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How does Bront use the settings of the novel to enhance our understanding of some of the relationships in 'Wuthering Heights'?

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How does Bront� use the settings of the novel to enhance our understanding of some of the relationships in 'Wuthering Heights'? In 'Wuthering Heights', the most evident use of setting is in describing the blinding contrast in the relationships between Catherine and Heathcliff and Catherine and Edgar. Catherine describes her love for Heathcliff as being like the 'eternal rocks beneath'; this simile creates imagery of something immoveable, a foundation for what comes above - Catherine's love for Heathcliff is the base for everything about her. However, when discussing her love for Edgar, she says 'Time will change it, I'm well aware, as winter changes the trees.' The way she feels about Edgar is defined by her mood and so fluctuates, Bront� demonstrating this using a simile of leaf colour through the seasons. She contrasts the two relationships even more directly when Catherine says 'What ever our souls are made of, [Heathcliff's] and mine are the same', while Linton's and hers are 'as different as moonbeam from lightning, or frost from fire'. By using elemental imagery, Bront� shows that whereas Heathcliff and Catherine are deeply similar and so have a close understanding, Edgar is too different. ...read more.


Her unhappiness at the Heights is mirrored by the state of her and Heathcliff's relationship and she asks Nelly 'is he a devil?' This is a rhetorical question to which she already has concluded the answer. The warm, homely and peaceful atmosphere of the Grange reflects Edgar's nature as well as his daughter's. It is written that 'Mr. Edgar had a deep rooted fear of ruffling [Catherine's] humour'; he wishes to maintain the tranquillity of the Grange, showing this in how he approaches his relationship with Catherine. In contrast, the Heights is described as a much rougher location. The very word 'Wuthering' implies violent weather and tempests; strong lexis for strong weather to go with the violent emotions of the residents. This is particularly prominent in the line 'a storm came rattling over the Heights in full fury', this fury representing the flaring tempers and fierce confrontations that flourish within relationships at the Heights. Bront� also uses this environmental imagery to demonstrate the effects of bringing people from each household together. At the Grange there are 'honeysuckles embracing the thorn'; metaphorical of the gentle Linton embracing the wild Catherine. The Heights, on the other hand, is full of division. ...read more.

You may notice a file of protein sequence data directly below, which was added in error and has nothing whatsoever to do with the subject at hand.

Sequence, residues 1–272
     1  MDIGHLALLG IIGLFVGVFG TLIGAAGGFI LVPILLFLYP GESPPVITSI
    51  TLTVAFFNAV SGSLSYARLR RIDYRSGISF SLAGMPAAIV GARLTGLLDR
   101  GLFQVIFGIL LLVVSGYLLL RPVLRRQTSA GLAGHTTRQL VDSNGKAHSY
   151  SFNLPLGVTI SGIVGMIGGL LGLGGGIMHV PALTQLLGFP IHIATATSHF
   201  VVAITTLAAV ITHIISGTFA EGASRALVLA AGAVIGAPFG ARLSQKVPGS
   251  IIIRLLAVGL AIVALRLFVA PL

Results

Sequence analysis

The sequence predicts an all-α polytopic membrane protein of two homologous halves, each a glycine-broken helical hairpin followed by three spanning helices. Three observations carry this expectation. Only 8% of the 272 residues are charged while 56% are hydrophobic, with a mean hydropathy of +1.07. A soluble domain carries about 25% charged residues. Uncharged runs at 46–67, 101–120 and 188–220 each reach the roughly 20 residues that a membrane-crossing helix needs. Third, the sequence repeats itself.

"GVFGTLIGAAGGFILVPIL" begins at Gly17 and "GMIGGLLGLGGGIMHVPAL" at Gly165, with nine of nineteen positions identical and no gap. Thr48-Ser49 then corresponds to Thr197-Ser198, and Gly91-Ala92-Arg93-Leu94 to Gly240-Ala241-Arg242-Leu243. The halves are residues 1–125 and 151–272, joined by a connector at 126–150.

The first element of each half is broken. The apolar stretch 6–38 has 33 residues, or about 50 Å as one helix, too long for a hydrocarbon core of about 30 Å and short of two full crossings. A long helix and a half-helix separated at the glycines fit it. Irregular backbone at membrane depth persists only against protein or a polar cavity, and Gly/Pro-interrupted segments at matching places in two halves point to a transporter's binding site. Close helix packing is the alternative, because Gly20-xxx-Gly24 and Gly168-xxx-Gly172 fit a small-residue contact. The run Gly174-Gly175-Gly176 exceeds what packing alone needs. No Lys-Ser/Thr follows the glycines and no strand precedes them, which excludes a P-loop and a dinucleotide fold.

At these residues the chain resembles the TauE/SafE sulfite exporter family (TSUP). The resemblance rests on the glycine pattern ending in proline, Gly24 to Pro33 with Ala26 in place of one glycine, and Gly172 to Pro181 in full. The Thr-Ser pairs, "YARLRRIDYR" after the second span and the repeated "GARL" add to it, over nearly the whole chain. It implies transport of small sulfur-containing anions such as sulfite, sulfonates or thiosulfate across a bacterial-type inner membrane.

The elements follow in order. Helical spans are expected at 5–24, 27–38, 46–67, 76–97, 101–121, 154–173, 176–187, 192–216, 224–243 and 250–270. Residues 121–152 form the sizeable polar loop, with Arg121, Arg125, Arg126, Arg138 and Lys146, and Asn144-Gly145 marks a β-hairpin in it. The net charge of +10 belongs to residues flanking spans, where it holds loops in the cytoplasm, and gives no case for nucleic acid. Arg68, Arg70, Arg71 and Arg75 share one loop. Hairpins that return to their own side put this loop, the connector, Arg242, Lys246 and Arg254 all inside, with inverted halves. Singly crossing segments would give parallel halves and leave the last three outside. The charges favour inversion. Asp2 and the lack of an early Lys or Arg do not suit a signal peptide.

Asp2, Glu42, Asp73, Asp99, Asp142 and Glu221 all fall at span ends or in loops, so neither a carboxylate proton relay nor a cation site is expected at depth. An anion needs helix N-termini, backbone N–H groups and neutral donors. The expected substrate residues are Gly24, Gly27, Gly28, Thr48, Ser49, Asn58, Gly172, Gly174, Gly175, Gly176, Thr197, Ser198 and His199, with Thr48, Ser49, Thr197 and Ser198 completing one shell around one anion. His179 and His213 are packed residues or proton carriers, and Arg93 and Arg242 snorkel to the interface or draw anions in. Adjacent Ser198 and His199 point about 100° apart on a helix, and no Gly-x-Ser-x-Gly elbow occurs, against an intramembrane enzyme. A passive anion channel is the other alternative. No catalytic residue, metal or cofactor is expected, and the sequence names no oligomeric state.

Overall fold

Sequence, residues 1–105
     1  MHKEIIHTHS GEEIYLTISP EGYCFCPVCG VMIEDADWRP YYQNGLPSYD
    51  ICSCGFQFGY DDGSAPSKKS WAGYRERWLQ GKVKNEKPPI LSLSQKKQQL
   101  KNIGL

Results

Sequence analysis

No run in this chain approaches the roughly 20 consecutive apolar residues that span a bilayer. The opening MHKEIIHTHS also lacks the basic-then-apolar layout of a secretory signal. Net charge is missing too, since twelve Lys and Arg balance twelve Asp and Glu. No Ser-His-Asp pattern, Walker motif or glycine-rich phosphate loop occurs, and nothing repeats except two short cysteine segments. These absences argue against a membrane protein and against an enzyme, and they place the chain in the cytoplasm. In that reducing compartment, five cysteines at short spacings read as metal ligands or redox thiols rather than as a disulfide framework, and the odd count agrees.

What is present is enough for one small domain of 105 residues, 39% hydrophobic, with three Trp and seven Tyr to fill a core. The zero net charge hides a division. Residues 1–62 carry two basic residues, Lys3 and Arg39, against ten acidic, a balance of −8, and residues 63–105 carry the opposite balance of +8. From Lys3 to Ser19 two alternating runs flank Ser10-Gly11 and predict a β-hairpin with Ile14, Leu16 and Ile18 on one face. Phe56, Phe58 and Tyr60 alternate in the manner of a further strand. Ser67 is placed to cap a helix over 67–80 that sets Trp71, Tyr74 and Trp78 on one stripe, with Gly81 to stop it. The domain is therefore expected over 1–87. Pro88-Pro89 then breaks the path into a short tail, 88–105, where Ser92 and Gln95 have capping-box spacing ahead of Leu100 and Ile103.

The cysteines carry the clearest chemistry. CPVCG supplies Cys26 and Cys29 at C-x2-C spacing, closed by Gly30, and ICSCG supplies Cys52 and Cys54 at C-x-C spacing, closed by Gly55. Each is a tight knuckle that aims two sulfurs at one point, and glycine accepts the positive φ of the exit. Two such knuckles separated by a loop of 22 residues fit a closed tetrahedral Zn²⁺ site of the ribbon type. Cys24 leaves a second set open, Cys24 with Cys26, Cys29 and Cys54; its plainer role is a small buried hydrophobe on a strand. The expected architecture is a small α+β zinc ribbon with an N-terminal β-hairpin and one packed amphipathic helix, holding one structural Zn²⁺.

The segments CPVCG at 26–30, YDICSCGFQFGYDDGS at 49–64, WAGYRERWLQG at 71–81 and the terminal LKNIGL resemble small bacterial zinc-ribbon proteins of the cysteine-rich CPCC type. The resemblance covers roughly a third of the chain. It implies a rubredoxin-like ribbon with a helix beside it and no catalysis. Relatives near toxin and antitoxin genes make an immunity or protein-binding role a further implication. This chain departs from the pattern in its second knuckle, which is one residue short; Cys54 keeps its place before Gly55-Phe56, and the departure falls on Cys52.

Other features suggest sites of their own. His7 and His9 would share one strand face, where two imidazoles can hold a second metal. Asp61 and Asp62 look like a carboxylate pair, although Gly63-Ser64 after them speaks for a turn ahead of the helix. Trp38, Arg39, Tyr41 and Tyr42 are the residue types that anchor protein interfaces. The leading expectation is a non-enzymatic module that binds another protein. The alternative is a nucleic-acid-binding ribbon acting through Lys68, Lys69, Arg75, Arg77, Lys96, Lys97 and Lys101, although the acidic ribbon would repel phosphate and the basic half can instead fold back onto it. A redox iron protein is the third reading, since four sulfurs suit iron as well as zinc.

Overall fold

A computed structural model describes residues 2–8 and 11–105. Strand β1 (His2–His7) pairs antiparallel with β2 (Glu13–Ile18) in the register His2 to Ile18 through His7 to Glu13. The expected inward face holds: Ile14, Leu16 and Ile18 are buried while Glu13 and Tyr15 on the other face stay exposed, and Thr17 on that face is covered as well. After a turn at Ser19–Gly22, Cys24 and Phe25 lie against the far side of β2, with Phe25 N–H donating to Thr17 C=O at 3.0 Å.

The use of setting in Wuthering Heights is reminiscent of the scene in Jane Eyre in which Jane's aunt locks her in the Red Room where her uncle died. Charlotte Bront� describes Jane's prison as 'stately'; the mismatch between her unruly young character and this imperious room reflects how she is a 'discord' at Gateshead Hall. The room is also described as 'chill' and 'solemn' and carrying 'a sense of dreary consecration'. The dark and negative atmosphere of the room is paramount in Jane's state of mind; seeing herself in the mirror, she observes 'glittering eyes of fear'. This incident is particularly similar to the discomfort both Catherine and Cathy encounter at the opposing houses. The relationships come full circle in Wuthering Heights; they begin with Catherine and Heathcliff, and finish peacefully with the union of Cathy and Hareton. This is reflected by the settings which also come full circle - the story begins and ends with Lockwood journeying to Wuthering Heights. This helps us to understand the journey of the relationships throughout the novel. It is also an indication that this is a Romantic novel, that the landscape has such a clear moral and emotional significance. ...read more.

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